Difference between revisions of "Governor of Hawaii"

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{{GovLgov}}{{TOCnestright}}The '''Governor of Hawaii''', also called '''Ke Kiaaina o Hawaii''', is the chief executive of the [[Hawaii|State of Hawaii]] and its various agencies and departments, as provided in the [[Hawaii Constitution|Hawaii State Constitution]] Article V, Sections 1 through 6. It is a directly elected position, votes being cast by popular suffrage of residents of the state. The governor is responsible for enforcing laws passed by the [[Hawaii State Legislature|Hawaii State Legislature]] and upholding rulings of the Hawaii State Judiciary. The role includes being commander-in-chief of the armed forces of Hawaii and having the power to use those forces to execute laws, suppress insurrection and violence and repel invasion. The [[Hawaii Lieutenant Governor|Lieutenant Governor of Hawaii]] becomes acting governor upon the governor's absence from the state or disability from discharging duties. Historically, the Governor of Hawaii has been from either the [[Democratic Party]] of Hawaii or Hawaii [[Republican Party]].
 
{{GovLgov}}{{TOCnestright}}The '''Governor of Hawaii''', also called '''Ke Kiaaina o Hawaii''', is the chief executive of the [[Hawaii|State of Hawaii]] and its various agencies and departments, as provided in the [[Hawaii Constitution|Hawaii State Constitution]] Article V, Sections 1 through 6. It is a directly elected position, votes being cast by popular suffrage of residents of the state. The governor is responsible for enforcing laws passed by the [[Hawaii State Legislature|Hawaii State Legislature]] and upholding rulings of the Hawaii State Judiciary. The role includes being commander-in-chief of the armed forces of Hawaii and having the power to use those forces to execute laws, suppress insurrection and violence and repel invasion. The [[Hawaii Lieutenant Governor|Lieutenant Governor of Hawaii]] becomes acting governor upon the governor's absence from the state or disability from discharging duties. Historically, the Governor of Hawaii has been from either the [[Democratic Party]] of Hawaii or Hawaii [[Republican Party]].
  
The current governor of Hawaii is [[Linda Lingle]].  She is finishing her term and will leave office in January 2011, at which time Democratic Governor-elect [[Neil Abercrombie]] will be sworn in.
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The current governor of Hawaii is [[Neil Abercrombie]], sworn in on December 6, 2010.
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==Qualifications==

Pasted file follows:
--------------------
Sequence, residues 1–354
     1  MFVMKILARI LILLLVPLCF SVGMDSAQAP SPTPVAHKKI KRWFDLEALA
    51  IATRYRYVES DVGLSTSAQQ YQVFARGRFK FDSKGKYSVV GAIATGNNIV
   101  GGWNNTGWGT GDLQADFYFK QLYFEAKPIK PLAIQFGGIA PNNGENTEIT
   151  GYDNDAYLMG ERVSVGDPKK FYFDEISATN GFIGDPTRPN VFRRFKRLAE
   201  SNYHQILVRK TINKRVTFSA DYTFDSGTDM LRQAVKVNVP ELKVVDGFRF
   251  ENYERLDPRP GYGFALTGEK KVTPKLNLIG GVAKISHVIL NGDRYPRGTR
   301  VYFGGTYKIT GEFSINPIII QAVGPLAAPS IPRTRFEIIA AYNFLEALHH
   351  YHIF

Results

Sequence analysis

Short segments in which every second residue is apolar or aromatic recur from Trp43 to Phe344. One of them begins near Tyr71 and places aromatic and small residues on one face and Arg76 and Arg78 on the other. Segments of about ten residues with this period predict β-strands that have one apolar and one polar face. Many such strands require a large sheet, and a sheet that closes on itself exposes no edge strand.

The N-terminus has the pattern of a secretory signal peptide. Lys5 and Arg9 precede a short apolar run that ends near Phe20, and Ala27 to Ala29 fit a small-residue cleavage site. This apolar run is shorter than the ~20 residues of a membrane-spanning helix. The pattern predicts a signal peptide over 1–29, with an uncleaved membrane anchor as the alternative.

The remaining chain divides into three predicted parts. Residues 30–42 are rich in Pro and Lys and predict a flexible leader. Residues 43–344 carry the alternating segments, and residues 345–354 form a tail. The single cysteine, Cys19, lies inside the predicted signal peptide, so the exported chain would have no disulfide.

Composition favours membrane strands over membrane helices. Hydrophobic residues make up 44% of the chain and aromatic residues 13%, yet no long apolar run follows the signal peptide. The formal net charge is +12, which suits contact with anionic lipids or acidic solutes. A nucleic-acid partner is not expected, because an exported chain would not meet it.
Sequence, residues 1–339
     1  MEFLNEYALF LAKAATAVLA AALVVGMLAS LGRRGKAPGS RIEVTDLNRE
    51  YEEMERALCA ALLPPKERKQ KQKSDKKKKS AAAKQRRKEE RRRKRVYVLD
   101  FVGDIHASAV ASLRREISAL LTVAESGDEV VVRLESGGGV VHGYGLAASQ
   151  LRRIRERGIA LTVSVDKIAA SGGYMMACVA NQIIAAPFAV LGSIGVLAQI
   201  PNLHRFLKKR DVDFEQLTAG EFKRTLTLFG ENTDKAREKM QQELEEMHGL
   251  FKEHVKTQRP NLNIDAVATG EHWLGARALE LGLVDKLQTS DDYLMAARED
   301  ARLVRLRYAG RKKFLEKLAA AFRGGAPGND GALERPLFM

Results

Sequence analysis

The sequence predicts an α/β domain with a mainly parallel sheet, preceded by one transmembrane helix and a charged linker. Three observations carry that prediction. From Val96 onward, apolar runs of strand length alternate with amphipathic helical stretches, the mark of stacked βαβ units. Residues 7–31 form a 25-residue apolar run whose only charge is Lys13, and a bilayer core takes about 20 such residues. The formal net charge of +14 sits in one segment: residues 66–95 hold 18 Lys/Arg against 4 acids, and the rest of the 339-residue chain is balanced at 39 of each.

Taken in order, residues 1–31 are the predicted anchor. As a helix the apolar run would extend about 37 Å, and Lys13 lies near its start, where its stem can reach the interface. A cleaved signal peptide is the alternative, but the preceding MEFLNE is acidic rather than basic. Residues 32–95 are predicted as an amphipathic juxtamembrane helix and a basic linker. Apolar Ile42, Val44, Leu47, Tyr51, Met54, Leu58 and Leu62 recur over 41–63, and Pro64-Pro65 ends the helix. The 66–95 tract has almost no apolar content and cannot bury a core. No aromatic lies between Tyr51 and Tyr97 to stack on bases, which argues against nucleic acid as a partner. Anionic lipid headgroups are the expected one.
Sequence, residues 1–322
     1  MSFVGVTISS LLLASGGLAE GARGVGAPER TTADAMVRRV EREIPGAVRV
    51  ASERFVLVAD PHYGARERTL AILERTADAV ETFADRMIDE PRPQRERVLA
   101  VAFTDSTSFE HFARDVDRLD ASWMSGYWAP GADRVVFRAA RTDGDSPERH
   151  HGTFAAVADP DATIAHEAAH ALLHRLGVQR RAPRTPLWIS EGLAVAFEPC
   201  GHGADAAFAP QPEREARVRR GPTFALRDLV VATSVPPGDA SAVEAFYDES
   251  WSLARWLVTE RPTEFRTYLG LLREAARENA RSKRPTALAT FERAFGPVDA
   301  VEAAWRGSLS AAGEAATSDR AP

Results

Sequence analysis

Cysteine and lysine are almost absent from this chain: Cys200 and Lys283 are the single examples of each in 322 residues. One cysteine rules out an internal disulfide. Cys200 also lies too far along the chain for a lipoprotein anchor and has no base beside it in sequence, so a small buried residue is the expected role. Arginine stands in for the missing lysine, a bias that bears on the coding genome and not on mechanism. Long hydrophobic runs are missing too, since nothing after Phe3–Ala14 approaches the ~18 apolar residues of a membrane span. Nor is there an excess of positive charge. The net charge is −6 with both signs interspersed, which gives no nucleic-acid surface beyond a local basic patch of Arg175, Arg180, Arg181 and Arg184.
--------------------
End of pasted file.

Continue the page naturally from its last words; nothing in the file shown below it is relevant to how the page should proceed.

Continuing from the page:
==Qualifications==

Revision as of 16:53, 7 December 2010

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The Governor of Hawaii, also called Ke Kiaaina o Hawaii, is the chief executive of the State of Hawaii and its various agencies and departments, as provided in the Hawaii State Constitution Article V, Sections 1 through 6. It is a directly elected position, votes being cast by popular suffrage of residents of the state. The governor is responsible for enforcing laws passed by the Hawaii State Legislature and upholding rulings of the Hawaii State Judiciary. The role includes being commander-in-chief of the armed forces of Hawaii and having the power to use those forces to execute laws, suppress insurrection and violence and repel invasion. The Lieutenant Governor of Hawaii becomes acting governor upon the governor's absence from the state or disability from discharging duties. Historically, the Governor of Hawaii has been from either the Democratic Party of Hawaii or Hawaii Republican Party.

The current governor of Hawaii is Neil Abercrombie, sworn in on December 6, 2010.


Qualifications

The governor of Hawaii is limited to two four-year terms. Inauguration takes place on the first Monday in December following a gubernatorial election. A single term ends at noon four years later. A governor is:

  • required to be at least 30 years old,
  • required to have been a resident of Hawaii for five consecutive years previous to election,
  • barred from other professions or paid positions during the term.

Authority

Unlike all but two other states in the Union (Tennessee and New Jersey), Hawaii has only one elected statewide officer in the Governor of Hawaii. Also, the Governor of Hawaii has wide-reaching authority comparably stronger than the other governors in the Union; administrative powers are more centralized than that of most other states with little authority devolved to the county, and unlike other states there are no local school districts. It is because of this central authority that the Governor of Hawaii is locally considered one of the most powerful governors in the United States. The governorship of Hawaii has often been characterized by the Honolulu Advertiser, Honolulu Star-Bulletin and various other local media as an "elected monarchy" referring to the most current governors as "King Ben" and "Queen Linda" in headlines during their tenures. Included within the governor's sphere of jurisdiction is the power to appoint all judges of the various courts within the Hawaii judicial system, subject to Senatorial approval.

The State of Hawaii does not have fixed cabinet positions and departments. By law, the Governor of Hawaii has the power to create his or her cabinet and departments as needed as long as the executive department is composed of no more than twenty bodies and cabinet members. The Governor of Hawaii is also empowered to remove cabinet officers at will, with the exception of the Attorney General of Hawaii, who must be removed by an act of the Hawaii State Senate.

Contact information

Constituent Services
State Capitol, Room 415
Honolulu, Hawaii 96813
Phone: (808) 586-0221 or (808) 586-0222
Fax: (808) 586-0019

Governor's Office
Phone: 808 586-0034
Fax: 808 586-0006

See also

External links

References

Portions of this article were adapted from Wikipedia.